Momentum may be on his side, but he still has no path to 270.
Just before Labor Day, National Review published a story assessing Donald Trump’s standing in the nation’s key battleground states, based on loads of demographic data and post-convention polling. The piece sought to determine whether Trump had any realistic path to winning 270 electoral votes on November 8.
“The answer, barring unforeseen and politically transcendent developments, is no,” it concluded.
Since then, voters have witnessed two major — and, one could argue, “politically transcendent” — developments in the race, both of them having a negative impact on Hillary Clinton.
First, in a September 9 speech, Clinton clumsily described “half” of Trump’s supporters as “deplorables,” saying they are motivated by some form of bigotry. It was her worst sound bite of the campaign, and drew instant parallels to Mitt Romney’s crippling remark about the “47 percent.” Then, two days later, she was caught on video crumpling into the arms of her entourage while prematurely departing a 9/11 memorial ceremony. Hours after an initial statement explaining that she was simply “overheated,” her campaign announced that she had been diagnosed several days earlier with pneumonia. To some, the incident validated pre-existing theories about Clinton’s poor health, and to many more it fueled fresh criticisms of her lack of transparency.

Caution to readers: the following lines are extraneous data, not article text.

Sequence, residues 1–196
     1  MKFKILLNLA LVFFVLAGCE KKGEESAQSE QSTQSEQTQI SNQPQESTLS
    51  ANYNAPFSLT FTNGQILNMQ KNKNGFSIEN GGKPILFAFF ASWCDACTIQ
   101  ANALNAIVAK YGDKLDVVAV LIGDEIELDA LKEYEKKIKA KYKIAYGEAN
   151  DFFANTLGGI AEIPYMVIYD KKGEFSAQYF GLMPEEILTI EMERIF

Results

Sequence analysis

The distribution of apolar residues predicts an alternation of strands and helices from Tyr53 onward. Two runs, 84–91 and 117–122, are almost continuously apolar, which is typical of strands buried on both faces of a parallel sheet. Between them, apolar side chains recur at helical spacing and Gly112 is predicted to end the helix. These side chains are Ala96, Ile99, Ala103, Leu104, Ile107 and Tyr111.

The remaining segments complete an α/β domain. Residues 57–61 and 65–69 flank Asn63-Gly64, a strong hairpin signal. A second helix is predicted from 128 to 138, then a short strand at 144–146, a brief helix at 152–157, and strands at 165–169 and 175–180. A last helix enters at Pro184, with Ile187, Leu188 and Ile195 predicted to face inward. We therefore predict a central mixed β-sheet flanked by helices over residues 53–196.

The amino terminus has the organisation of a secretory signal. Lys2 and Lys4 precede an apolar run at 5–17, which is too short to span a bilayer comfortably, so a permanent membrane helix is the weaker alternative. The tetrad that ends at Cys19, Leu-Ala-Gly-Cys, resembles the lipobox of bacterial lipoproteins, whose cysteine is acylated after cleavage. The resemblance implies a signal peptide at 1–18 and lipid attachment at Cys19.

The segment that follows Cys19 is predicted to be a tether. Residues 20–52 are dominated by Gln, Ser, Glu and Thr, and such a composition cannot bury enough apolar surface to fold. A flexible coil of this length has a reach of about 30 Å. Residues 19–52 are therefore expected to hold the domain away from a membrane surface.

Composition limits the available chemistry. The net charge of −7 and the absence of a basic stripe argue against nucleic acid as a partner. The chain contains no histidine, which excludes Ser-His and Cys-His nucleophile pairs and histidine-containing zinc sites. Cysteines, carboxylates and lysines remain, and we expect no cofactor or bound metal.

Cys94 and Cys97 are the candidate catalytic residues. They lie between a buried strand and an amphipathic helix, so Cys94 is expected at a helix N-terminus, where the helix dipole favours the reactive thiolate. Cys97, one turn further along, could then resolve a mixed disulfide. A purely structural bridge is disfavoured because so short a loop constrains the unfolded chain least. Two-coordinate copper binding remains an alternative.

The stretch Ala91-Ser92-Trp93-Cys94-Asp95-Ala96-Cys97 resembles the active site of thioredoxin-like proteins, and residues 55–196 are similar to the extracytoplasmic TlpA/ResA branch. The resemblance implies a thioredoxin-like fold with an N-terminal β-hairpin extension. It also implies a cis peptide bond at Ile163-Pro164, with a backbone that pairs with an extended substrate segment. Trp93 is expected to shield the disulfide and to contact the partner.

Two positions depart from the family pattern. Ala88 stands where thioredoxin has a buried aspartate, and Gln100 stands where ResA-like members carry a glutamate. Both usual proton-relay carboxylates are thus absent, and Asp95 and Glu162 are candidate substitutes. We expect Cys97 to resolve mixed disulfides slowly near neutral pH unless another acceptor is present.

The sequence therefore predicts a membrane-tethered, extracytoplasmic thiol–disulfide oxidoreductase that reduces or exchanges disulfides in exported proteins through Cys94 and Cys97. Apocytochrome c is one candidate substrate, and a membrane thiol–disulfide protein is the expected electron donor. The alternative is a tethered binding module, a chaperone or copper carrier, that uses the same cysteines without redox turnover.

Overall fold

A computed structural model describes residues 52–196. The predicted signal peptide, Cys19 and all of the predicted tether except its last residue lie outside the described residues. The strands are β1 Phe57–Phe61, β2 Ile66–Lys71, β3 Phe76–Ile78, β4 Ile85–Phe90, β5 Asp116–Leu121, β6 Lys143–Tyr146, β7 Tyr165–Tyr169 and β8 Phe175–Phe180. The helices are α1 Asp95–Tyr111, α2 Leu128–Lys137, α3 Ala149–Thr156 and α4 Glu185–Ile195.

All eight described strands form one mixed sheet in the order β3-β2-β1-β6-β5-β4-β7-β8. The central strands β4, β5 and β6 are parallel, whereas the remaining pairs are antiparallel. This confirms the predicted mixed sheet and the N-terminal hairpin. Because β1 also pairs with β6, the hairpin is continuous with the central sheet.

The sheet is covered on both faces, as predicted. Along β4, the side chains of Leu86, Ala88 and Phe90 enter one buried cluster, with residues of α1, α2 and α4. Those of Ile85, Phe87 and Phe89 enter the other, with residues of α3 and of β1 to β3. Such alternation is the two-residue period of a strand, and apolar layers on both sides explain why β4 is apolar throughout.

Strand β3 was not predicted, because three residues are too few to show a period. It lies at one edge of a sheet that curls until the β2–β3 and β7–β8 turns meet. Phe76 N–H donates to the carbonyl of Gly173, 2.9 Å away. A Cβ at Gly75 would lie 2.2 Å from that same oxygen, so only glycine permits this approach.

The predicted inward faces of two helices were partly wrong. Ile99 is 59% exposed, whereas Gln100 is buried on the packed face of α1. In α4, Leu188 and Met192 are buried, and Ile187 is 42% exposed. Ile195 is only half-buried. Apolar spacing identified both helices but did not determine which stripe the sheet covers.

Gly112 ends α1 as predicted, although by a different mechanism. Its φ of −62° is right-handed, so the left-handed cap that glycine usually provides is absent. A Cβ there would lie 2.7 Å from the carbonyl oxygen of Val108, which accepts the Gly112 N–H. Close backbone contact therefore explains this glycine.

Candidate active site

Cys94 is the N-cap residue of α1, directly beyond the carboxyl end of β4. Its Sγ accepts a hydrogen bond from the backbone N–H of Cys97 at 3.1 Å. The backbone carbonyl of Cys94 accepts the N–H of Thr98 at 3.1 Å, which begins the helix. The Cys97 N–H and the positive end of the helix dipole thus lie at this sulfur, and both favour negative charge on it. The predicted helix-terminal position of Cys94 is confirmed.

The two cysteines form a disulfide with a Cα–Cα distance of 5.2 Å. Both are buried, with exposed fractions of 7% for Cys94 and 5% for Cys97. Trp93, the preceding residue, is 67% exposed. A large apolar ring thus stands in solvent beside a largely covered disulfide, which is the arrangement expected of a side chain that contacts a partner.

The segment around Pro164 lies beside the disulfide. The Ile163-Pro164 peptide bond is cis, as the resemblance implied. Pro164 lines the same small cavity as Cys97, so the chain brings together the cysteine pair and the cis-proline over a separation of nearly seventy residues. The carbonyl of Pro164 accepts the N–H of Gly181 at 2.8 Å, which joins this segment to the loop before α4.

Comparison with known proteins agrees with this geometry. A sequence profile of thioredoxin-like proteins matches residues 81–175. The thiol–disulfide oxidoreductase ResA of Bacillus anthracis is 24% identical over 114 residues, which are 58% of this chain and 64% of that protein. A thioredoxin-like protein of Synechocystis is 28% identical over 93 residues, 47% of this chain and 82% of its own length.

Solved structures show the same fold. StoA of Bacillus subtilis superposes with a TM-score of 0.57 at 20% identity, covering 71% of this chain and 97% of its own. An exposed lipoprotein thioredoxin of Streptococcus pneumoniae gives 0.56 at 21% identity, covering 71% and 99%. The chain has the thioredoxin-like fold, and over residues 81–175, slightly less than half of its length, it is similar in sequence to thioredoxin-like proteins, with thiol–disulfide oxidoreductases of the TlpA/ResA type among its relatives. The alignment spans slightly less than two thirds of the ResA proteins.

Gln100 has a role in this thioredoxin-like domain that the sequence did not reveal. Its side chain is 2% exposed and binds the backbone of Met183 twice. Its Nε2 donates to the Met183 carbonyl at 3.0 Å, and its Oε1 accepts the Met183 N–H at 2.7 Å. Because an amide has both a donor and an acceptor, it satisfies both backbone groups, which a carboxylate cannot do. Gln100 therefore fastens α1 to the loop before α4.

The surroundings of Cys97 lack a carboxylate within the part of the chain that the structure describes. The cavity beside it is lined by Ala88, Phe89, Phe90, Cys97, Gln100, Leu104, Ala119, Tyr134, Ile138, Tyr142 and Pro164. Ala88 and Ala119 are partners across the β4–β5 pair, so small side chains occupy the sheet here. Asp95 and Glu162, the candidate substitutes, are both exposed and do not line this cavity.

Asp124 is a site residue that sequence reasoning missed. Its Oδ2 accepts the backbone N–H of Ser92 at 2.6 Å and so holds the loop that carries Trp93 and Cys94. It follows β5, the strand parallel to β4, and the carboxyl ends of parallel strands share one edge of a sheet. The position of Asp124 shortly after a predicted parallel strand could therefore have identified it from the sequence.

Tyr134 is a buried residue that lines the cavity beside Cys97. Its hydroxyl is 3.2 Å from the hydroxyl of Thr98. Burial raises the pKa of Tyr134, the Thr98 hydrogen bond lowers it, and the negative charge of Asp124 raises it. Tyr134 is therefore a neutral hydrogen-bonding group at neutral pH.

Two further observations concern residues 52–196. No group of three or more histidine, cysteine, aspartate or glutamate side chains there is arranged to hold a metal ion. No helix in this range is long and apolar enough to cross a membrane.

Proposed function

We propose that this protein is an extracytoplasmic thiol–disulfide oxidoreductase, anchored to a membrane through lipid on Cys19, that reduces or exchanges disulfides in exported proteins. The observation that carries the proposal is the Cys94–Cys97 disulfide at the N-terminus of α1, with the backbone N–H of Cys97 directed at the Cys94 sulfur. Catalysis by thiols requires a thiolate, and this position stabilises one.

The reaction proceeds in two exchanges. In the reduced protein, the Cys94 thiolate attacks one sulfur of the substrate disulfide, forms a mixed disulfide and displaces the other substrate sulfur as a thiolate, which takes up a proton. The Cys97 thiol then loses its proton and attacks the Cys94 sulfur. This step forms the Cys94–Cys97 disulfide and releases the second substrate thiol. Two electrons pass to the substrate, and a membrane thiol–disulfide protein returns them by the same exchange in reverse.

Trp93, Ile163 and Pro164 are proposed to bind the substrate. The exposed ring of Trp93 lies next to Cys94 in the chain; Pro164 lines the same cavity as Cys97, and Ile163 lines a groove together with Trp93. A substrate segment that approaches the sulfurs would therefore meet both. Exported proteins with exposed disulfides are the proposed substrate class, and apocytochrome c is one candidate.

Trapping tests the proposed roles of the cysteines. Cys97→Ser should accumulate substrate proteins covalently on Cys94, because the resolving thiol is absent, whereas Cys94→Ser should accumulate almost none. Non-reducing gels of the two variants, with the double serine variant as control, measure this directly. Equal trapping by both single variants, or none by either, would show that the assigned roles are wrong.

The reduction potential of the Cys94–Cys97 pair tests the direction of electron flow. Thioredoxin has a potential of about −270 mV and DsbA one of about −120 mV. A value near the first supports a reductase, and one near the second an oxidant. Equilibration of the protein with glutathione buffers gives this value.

It was easily Clinton’s toughest stretch of 2016, and it was about to get worse. This past week, a deluge of polling showed Trump overtaking Clinton in four battleground states: Florida, Ohio, Nevada, and Iowa. He did likewise in several national polls, which, while useless in analyzing the electoral map, help to demonstrate momentum swings based on narratives sown by mass-media coverage.
It’s fair, in light of all of this, to ask just how drastically and fundamentally the dynamics of the race have shifted. Is Clinton still a prohibitive favorite? Are blue states such as Michigan and Wisconsin suddenly in play? Does Trump now have a clear path to 270 electoral votes?
No, no, and no. ...Read the rest of Tim Alberta's analysis HERE.
If you like what you see, please "Like" us on Facebook either here or here. Please follow us on Twitter here.